To coincide with his appearance at this year’s CN Summit, Construction News visited Quintain boss Angus Dodd at the developer’s Wembley Park scheme to hear how he plans to make a build-to-rent breakthrough.
It’s only when Quintain construction director Matt Voyce flips the switch and illuminates a giant model of Quintain’s Wembley Park project that Construction News truly gets a sense of its scale.
Although the giant arch and domed structure of the stadium dominates the landscape, the future developments lit up around it are so vast and complex they look like an entirely new city. The model also shows how, despite Wembley’s already significant transformation, there is much more to come.
Completed buildings do not light up, which shows how much more Quintain has yet to build. Developing at such scale presents a multitude of challenges, as Quintain chief executive Angus Dodd tells CN. “Development is hard work, it’s unbelievably complicated,” he says.
“You’re trying to do complex things subject to the weather, here we’re subject to the crowds, subject to 90,000 people coming [to Wembley station] 40 times a year.”
Mr Dodd tells CN that one of his key advisers has been Sir David Higgins, the man behind the 2012 Olympics and, until recently, HS2. “He compares this to the big Olympic sites,” Mr Dodd says.
“But the big Olympic sites were closed, no one was allowed in them. There was a timing deadline, but frankly there wasn’t really a budget limit. [The development] had to be ready for a date in summer 2012, so they were going to pay. Here we’ve got budget limits, it’s an open site, it’s as complicated as you can get.”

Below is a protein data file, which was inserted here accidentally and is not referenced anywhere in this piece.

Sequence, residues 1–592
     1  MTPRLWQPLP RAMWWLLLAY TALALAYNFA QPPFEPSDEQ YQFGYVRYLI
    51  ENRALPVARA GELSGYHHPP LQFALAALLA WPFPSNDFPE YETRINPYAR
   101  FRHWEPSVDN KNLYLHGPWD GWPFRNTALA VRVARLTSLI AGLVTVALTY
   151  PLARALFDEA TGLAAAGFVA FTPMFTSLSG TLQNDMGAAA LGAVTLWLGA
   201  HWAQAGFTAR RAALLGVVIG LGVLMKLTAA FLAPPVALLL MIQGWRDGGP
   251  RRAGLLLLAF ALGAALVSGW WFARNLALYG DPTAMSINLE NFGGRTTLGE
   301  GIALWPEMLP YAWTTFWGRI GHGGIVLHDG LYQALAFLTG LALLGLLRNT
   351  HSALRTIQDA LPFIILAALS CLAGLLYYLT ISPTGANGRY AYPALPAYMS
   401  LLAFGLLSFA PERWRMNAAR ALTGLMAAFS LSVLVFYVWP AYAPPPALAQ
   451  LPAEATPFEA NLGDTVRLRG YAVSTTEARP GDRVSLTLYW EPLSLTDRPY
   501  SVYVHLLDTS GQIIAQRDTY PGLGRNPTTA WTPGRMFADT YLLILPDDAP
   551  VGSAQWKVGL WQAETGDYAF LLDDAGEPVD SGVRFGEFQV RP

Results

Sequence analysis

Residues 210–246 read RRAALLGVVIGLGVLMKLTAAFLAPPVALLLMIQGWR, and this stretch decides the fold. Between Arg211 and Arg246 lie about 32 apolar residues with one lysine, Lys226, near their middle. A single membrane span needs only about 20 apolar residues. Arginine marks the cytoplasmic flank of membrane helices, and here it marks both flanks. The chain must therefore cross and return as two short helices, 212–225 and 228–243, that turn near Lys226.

It’s unsurprising, considering the size of the project, that the developer’s focus is solely on its Wembley Park scheme, on which it has taken a hands-on approach.
A huge number of its staff are based on site and are visiting live projects daily to tackle issues as they arise.
“Quite a lot of developers I speak to say, ‘We’re developing up in Leeds and Edinburgh and Glasgow’. With your head of development […] sat in Mayfair, does that really work?” Mr Dodd asks. “It’s something I’d worry about if we suddenly went large-scale regional. Could we maintain the same level of control?”
That sense of control extends to its selection of framework contractors. In September 2017, Quintain made the bold step of choosing to hand a £130m contract to McAleer & Rushe – the largest job in its history – ahead of Carillion.
Quintain CEO Angus Dodd
“The Carillion decision looked brave at the time; it clearly looks like genius in retrospect,” the Quintain boss tells CN. “It’s one of those decisions that you get no real credit for because no one sees what would have happened had you not taken that decision. It was foresight of the highest order from Matt,” referring to his construction director.
Quintain’s boss is convinced that the size of the contractors it has picked – McAleer & Rushe, McLaren, Sisk and Wates – has benefited the developer. “Having four serious contractors [means] we have senior relationships with – and are important to – all of them,” he says. “That might not be the case dealing with a larger-scale contractor.”
“The Carillion decision looked brave at the time; it clearly looks like genius in retrospect […] It was foresight of the highest order from Matt”
Angus Dodd, Quintain
Those relationships are tested on a daily basis as plans are altered, but the emphasis on keeping the scheme on time and to budget remains.
“One of our challenges certainly with these build-to-rent buildings is that the design is evolving the whole time and we’re learning lessons from building to building,” Mr Dodd adds.
“[We’re] refining the product and that clashes up against fixed-price pre-designed contracts. We need to manage, change, decide, but [not] increase costs materially during the construction period.”
‘No overruns, no claims’
Mr Voyce says any doubts the project’s lenders may have had about handing high-value deals to contractors with no experience of schemes that size were quashed when they started being delivered.
The construction director claims this is because none of its schemes have run late or ended up in litigation.